I was recently engaged on an initiative which was motivated by a moderately articulated business need. The opportunity promised enormous improvements to the company’s enterprise capability. However, after the initiative kicked off we were propelled into an unnecessary journey of continuous improvement towards an ambiguous and evolving concept. This initiative was weighed down by unidentified flying objectives (UFOs).
UFOs refer to strategic irregularities in the business-sphere, which hover, appear, or dissolve when scrutinised. They generally tend to appear after the launching of unplanned strategic initiatives. UFOs are not easily identifiable or definable, unless the use of instrumentation such as scope scanners or feasibility radars are applied by classified authorities called Business Analysts.
UFOs display the following characteristics: they are shallow (insufficient), disc-shaped or round (recurring), and are capable of displaying luminosity (radiance). They shape-shift or evolve moving at high speeds, often counter to the strategic initiative underway.
In some instances, trying to decipher where UFOs originate from can place the Business Analyst at the risk of painstakingly attending to ongoing marginalised and unresolved issues.
Quite the opposite, SMART objectives are specific, time-related and measurable targets that a person (or system) aims to achieve. These are basic tools that underlie all planning and strategic activities, and serve as the basis for evaluating business performance.
Why is it we often don’t get objectives right? Leaders conduct their general business, approving and kicking off initiatives with good intentions to make people, systems, structure and processes better. However, when it comes down to the setting of objectives we are often crippled during the latter stages by misalignment between objectives, deliverables and performance. The setting of objectives is also impeded by limited organisational readiness, change management, scope, economic drivers, time, and resources. Correspondingly, success tends to be emphasised by the “delivery on time and within budget” mantra.
The strategy, objectives and measurement approach is vital for business analysis and delivery success. It is imperative to justify Why we are doing it, closely reinforced with the What, Where, Who, How and When (5W’s & H).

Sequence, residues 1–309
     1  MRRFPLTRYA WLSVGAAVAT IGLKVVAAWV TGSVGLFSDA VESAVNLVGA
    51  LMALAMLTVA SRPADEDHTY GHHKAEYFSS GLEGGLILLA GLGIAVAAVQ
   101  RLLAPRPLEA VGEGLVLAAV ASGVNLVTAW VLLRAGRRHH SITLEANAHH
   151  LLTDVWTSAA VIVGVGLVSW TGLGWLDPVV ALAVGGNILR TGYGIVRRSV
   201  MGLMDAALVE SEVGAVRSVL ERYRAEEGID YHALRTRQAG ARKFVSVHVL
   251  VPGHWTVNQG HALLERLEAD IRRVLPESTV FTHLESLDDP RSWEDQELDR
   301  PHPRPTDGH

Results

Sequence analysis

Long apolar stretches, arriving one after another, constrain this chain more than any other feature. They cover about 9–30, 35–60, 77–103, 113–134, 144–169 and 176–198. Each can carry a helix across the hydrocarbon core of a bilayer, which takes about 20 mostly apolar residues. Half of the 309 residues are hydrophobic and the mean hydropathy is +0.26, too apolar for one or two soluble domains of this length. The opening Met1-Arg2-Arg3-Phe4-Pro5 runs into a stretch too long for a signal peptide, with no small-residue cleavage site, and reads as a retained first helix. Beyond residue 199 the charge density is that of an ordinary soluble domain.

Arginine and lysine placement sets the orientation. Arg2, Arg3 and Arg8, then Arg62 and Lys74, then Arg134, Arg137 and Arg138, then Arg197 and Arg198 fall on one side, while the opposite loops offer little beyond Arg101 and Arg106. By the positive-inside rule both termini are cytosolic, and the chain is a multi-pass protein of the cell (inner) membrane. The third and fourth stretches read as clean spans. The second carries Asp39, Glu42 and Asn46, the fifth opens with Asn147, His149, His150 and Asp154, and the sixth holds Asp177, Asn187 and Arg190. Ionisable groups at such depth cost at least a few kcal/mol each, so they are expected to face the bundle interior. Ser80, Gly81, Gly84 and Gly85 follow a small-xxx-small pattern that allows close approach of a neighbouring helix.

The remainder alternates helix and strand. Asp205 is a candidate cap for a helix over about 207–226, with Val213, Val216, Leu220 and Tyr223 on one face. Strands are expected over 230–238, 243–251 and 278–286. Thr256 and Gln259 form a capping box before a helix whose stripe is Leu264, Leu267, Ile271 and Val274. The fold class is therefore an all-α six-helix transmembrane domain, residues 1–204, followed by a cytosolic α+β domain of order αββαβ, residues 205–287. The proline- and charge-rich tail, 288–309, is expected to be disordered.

I have persevered by taking business leaders on a very simple journey to optimise their business initiative objectives and assure success using the following 5 steps:
- Clarify what is driving the initiative. Is it a Problem, Opportunity or Need?
- Translate the Problem, Opportunity or Need into Goals
- Evaluate each Goal against SMART objectives and the 5W’s & H principles
- Transform each Goal into a SMART objective
- Identify how your SMART objective can be evaluated and re-evaluated to become SMARTER
The benefit of using this approach for business leaders is self-assurance in setting a clear vision with reliable measures for performance; and traceability from strategy through to delivery. A good alignment between SMART objectives, solutions and benefits will empower business leaders to make informed decisions and measure performance with confidence.
The Business Analyst is instrumental in aligning objectives to requirements and solutions for traceability management. For the Business Analyst, developing clarity of the objective(s) enables and adds value to business analysis delivery.
So travel forth at the speed of light and unlock those UFOs if you sense or observe them in your business activities. Leave behind a legacy and impart the above simple approach for business leaders to define, translate and transform UFOs into SMART objectives.
Which intuitive instruments do you use to sense, observe and investigate UFOs in your close encounters with the third kind?
How do you manage those UFOs into SMART objectives?
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